Sexual Causes

Unprotected sexual intercourse can cause bacteria, viruses and other items to be transmitted between the two parties. These materials can cause an abnormal discharge to emit from the vagina after intercourse alongside other symptoms that indicate a problem may be occurring.

  • Bacterial vaginosis - Bacterial vaginosis or BV is one of the most common causes of an abnormal vaginal discharge. This discharge is often gray in color with a fish-like odor. BV is not a sexually transmitted disease, but sexual activity frequently deposits bacteria from other parts of the body in the vagina, which can lead to a bacterial imbalance.
  • Trichomoniasis - This is a common sexually transmitted infection which causes a yellow or green frothy discharge to appear. This discharge will also have a fishy odor and can cause swelling or itching in the vaginal area to occur. You may notice soreness in the vaginal area, particularly when you urinate.
  • Chlamydia or Gonorrhea - If you suffer from pain when you urinate or after intercourse you may have a sexually transmitted disease such as chlamydia or gonorrhea. You may bleed after having sex or experience an uncomfortable vaginal discharge. This also frequently causes a green discharge to appear.
  • Genital Herpes - Discharge caused by herpes is actually emitted from the sores and blisters that appear around the genital area. These blisters will begin as red bumps throughout the vaginal area, which will continue to swell until they burst, causing a white discharge to appear.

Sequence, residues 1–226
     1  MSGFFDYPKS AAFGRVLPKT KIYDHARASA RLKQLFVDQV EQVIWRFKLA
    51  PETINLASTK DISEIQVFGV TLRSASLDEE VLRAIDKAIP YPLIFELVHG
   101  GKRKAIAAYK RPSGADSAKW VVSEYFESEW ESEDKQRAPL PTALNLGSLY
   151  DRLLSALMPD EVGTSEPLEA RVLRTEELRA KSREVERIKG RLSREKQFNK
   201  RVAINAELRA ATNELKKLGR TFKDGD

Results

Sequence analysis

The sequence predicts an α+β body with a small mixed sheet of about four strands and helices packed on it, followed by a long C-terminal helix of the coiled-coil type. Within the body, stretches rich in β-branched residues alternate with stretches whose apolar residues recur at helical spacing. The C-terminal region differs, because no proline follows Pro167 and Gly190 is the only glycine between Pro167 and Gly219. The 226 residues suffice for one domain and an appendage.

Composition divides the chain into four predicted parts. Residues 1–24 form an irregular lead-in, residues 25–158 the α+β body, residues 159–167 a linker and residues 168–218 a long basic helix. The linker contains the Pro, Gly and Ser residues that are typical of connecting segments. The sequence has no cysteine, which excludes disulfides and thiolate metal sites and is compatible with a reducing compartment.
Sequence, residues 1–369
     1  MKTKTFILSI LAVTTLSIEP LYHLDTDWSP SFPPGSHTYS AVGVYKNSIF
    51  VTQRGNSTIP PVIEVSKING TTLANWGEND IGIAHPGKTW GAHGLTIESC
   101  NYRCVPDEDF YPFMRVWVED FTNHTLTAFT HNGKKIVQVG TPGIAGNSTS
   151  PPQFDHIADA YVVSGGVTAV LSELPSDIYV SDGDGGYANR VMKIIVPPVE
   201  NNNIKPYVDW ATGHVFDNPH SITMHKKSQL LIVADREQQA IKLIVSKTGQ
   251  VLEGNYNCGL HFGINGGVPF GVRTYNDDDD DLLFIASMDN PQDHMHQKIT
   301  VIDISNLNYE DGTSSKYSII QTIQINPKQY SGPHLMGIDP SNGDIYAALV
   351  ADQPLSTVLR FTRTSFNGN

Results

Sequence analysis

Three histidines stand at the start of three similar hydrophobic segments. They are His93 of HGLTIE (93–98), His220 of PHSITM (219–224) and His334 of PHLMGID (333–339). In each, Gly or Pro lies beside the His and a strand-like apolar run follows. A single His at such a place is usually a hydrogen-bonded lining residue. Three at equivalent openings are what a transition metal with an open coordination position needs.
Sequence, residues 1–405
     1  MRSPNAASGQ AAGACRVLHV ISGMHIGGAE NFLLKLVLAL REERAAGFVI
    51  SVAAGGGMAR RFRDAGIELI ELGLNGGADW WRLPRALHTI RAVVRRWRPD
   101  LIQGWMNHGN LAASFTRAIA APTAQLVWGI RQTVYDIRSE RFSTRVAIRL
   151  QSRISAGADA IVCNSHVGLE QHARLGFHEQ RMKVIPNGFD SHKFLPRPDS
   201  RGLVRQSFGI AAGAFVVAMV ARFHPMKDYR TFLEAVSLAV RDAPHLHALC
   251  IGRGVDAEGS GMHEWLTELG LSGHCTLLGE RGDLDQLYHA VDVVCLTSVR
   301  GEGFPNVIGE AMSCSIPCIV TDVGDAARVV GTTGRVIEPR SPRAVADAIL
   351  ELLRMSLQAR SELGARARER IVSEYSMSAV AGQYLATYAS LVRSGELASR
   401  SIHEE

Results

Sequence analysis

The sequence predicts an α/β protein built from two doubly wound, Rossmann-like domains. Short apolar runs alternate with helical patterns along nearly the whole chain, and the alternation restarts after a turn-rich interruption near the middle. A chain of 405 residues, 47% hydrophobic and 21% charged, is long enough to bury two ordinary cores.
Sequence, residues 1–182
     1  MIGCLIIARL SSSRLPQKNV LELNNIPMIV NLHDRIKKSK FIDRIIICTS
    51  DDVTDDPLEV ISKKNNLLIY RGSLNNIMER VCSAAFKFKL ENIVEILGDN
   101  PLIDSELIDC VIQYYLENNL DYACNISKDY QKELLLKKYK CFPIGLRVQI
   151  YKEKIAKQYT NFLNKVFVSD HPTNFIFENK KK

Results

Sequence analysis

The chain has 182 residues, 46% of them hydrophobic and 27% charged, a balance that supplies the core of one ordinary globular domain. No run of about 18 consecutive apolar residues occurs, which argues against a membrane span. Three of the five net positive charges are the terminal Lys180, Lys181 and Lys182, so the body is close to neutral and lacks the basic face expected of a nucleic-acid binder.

Non-Sexual Causes

As the vagina is responsible for its own cleaning and protection, there are a number of mechanisms that can cause the vagina to excrete materials that may be causing harm.

  • Allergic reactions - Medications, items in your diet or the presence of a substance that is negatively impacting your overall health can cause an allergic reaction in the vagina. These reactions can kill off the good bacteria in the vagina, causing them to be excreted.
  • PH change of vagina - If the pH of the vagina changes, it can accuse a discharge to appear. Getting substances such as soap in the vagina, coming into contact with chemicals in the vaginal area, menstrual blood, hormonal changes, sexual activity or douching the area can cause the pH of the vagina to change, resulting in such discharge.
  • Thrush - Thrush is commonly referred to as a yeast infection, which is caused when the natural yeast found in the vagina blooms to an unhealthy level. Thrush will cause a discharge that is either thin and watery or thick and white, resembling cottage cheese. The vagina may feel sore and have an odor that resembles bread or beer. An intense itchiness will frequently accompany this condition.
  • Young girls and post-menopausal women - Young girls may experience an uncommon vaginal discharge as they begin puberty. This can also be a sign that an item has become lost in the vagina. Older women may also notice a sudden change in their vaginal discharge at the onset of menopause. This discharge should be examined by your doctor to ensure that it is not caused by cancer.